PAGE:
Coping with Stress in the Workplace22/05/2018
Stress in the workplace can seep through every aspect of our lives. Relationships, financial responsibilities and those who surround us can also cause us stress impacting situations and interactions. However, we are given little chance to learn to cope. Last month we focused on how to spot the signs of stress in yourself and your team, and offered tips on how to manage it. Here we bring a summary of what we shared in our #WellnessatWork series.
Very often, we do not realise the levels of stress we live with until it is too late and our coping abilities are pushed beyond our limits. As a result, stress starts to manifest as a wide range of difficulties – from strains on our relationships and a negative outlook on life, to health problems such as migrane and tension headaches, chronic heartburn, Irritable Bowel Syndrome, muscle tension and more. Stress also manifests itself in your work and workplace. Other signs are subtler; finding that you mumble to yourself more often, clenching your teeth, becoming increasingly intolerant and short tempered towards others and snapping to those closest to you.
Stress will always be a part of life but how we deal with it can change. We are all able to develop a set of coping strategies for those situations that tend to cause us stress or push our limits. Generally, we already possess these skills and use them in other aspects of life – this is about honing in on them and learning how to apply them to protect long-term emotional well-being and your relationships with those around you.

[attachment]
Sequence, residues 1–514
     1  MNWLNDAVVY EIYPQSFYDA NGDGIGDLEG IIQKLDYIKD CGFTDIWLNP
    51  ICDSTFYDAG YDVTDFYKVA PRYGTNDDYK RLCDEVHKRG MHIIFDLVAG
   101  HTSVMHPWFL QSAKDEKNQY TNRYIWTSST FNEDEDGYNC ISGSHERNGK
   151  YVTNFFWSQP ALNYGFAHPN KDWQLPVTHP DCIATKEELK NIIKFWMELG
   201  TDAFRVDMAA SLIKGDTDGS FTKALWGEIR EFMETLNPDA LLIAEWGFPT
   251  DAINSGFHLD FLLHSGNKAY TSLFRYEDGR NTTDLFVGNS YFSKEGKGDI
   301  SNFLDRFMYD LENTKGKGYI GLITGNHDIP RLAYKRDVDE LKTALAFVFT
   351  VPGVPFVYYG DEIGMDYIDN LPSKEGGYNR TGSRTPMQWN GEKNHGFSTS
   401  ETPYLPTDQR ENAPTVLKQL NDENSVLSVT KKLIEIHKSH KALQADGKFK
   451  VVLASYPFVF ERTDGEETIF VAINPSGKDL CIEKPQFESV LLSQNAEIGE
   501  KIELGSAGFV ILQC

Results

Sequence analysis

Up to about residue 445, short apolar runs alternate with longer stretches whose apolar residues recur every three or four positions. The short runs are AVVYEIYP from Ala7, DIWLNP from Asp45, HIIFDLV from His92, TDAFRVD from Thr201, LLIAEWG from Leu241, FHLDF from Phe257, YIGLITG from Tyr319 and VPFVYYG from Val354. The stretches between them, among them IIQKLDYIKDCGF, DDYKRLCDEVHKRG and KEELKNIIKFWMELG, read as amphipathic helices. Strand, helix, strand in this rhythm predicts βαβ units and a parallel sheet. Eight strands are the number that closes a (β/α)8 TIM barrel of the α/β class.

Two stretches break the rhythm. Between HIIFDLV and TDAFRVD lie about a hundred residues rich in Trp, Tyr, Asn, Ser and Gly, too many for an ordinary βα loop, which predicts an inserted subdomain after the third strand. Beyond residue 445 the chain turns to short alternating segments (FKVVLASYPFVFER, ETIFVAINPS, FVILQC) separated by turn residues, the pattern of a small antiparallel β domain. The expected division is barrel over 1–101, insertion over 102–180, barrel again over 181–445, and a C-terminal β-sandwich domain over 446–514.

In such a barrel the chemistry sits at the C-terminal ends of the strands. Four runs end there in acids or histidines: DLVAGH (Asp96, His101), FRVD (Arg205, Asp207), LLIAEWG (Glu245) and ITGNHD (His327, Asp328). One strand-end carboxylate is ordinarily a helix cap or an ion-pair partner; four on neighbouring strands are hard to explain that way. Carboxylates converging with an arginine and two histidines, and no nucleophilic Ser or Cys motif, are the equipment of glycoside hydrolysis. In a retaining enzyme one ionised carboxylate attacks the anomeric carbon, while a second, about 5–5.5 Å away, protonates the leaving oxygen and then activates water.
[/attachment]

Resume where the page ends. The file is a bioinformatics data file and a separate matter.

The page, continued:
In small doses, stress can help you rise to the challenge, but too much of it can damage your body and mind.
What is stress and how does it affect you physically?
At it’s simplest, stress is your body’s physical response to mental or emotional pressure.
It can be helpful to see it as an equation: Resources – Demands = Stress.
When your demands are larger than your resources, you are left depleated, meaning you are likely to feel stressed.
When you are stressed, and your body believes it is under attack it turns to what is known as ‘fight or flight’ mode. As a result, a mix of hormones and chemicals are released into your body so that you prepare for physical action. Subsequently blood might also be diverted to muscles, causing loss of concentration or becoming less able to digest food.
When the threat passes, your body usually returns to normal, but if you are continually under pressure this might not be the case.
What are the symptoms of stress?
It is very common to hear, or say “I am so stressed”, but sometimes it is hard to clearly pinpoint and notice the symptoms in yourself until it is too late. Before long, you realise stress is affecting you and your quality of life quite seriously.
Signs of stress include:
- Changes in behaviour; drinking or smoking more, or taking up either if previously not the case
- Overeating or decreased appetite
- Changes in sleep patterns; finding it hard to fall asleep or having disturbed sleep
- A racing heart
- Shaking, chills, or hot flushes
- A tingling sensation in your arms or legs
- Butterflies in your stomach or feeling nervous going to work
- Cancelling things you like doing